Meet NICU Nurse Jennifer Pearce

Published: November 20th, 2013

Category: NICU, Patient Stories

At the time, Jennifer Pearce, RN, had spent more than five years in the NICU at UF Health Shands Children’s Hospital caring for the tiny patients fighting for their lives, and encouraging parents dealing with an unthinkable struggle. Like every other parent in the unit, she never expected that one day she would spend time in the NICU caring for her own child—an experience that has helped her relate to parents and provide better care to her patients.

Noah 27 weeks

1. When and how did you decide to become a NICU nurse?

While I was in the nursing program I knew I always wanted to work in pediatrics. I didn’t even know the NICU world existed until I completed three weeks of clinicals in the NICU. After five days a week for three weeks, I was in love with the NICU.

2. How long haveyou been working at UF Health Shands Children’s Hospital?

I have been at UF Health for 12 and a half years, all in the NICU.

3. What is the most rewarding aspect of your job?

Seeing the light in a parent’s eyes when I have helped them. It may be getting them to hold their baby for the first time, helping a new mother to breast feed her baby, or just helping them understand the enormous amounts of information we pass to them about the care of their baby. I also love having NICU graduates come back and visit. Seeing what miracles we can accomplish with the NICU team and parents is an amazing reward.

4. How has your experience as a NICU mom helped shape the kind of NICU nurse you have become?

Jennifer and Noah, who is now a happy and healthy 7-year-old boy.

Jennifer and Noah, who is now a happy and healthy 7-year-old boy.

I understand exactly what it is like to be at the bedside as a mom. I remember all of the emotions – fear, excitement, pride, anger, guilt, sadness. When I talk to parents as a nurse, I remember being a NICU parent and I can bridge the difference from nursing to parents by helping them to understand the things nurses do, while including the parents in as much of the care as possible. I have seen so many parents become more engaged when I tell them that I had a 27-week premie and spent 10 weeks as a NICU parent. It seems to open up more questions from parents and gives me more opportunity to support the parents.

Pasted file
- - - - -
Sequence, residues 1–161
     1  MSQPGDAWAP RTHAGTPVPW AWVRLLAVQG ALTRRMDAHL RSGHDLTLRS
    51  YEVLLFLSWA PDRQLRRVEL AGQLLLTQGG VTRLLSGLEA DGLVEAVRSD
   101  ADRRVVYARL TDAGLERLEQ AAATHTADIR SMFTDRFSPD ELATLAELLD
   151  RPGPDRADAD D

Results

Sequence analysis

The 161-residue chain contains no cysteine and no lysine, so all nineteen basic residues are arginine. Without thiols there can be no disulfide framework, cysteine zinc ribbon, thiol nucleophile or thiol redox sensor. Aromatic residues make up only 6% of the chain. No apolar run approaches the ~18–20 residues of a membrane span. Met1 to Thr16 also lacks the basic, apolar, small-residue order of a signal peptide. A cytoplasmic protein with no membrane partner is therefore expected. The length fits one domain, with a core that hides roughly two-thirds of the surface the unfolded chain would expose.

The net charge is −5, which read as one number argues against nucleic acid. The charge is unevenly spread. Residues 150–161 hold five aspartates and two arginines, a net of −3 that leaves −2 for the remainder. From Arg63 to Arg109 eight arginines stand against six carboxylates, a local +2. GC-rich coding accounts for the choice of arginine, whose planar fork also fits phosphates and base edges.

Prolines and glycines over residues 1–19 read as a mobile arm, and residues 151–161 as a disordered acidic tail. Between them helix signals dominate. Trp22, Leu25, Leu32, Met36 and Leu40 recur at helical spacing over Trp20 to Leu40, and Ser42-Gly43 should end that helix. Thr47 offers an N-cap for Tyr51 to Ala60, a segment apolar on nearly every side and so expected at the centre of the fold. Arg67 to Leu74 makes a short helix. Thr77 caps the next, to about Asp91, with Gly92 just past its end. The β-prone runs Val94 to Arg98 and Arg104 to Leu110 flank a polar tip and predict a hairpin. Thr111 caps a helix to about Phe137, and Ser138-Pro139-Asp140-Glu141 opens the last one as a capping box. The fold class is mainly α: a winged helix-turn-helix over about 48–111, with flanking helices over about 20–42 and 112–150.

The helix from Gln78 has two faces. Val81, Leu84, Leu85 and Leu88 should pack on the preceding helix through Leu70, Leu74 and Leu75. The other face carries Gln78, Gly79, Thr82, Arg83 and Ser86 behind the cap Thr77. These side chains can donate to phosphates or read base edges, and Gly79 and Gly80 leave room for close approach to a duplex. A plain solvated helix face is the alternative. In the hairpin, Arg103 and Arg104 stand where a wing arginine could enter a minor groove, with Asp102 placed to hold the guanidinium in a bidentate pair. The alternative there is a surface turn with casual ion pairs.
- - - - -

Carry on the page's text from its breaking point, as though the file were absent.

5. What do you enjoy most about specifically working at UF Health Shands Children’s Hospital?

I have a stable career and have learned so much along the way. There are many opportunities to advance the nursing profession. But most of all, I work in a wonderful unit with many great co-workers who have become wonderful friends along the way.

6. What are some of your favorite memories of working at UF Health?

My favorite memories are of the patients and families that I help leave the NICU with a healthy baby—and when they come back so proud of the accomplishments their child has made since discharge from the hospital. I also have made some wonderful friends in the parents who I helped to say goodbye to their sweet babies who were too sick to stay with us. Knowing I can help in times of happiness and in times of great sadness is one of the greatest benefits of being a NICU nurse.

7. If you were not a nurse, what job do you think you would do?

I couldn’t see myself doing anything else. My only other job that beats being a NICU nurse is being a mom.

Pearce Family

Jennifer with her three sons (left to right) Noah, Luke and Jackson

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